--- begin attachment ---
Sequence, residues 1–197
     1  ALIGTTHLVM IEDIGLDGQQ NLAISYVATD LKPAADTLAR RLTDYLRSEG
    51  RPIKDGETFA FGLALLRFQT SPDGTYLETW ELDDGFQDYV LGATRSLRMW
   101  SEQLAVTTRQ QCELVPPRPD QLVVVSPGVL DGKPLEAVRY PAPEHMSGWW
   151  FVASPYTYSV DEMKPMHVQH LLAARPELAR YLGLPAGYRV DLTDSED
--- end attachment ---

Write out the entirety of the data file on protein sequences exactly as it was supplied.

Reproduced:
Sequence, residues 1–197
     1  ALIGTTHLVM IEDIGLDGQQ NLAISYVATD LKPAADTLAR RLTDYLRSEG
    51  RPIKDGETFA FGLALLRFQT SPDGTYLETW ELDDGFQDYV LGATRSLRMW
   101  SEQLAVTTRQ QCELVPPRPD QLVVVSPGVL DGKPLEAVRY PAPEHMSGWW
   151  FVASPYTYSV DEMKPMHVQH LLAARPELAR YLGLPAGYRV DLTDSED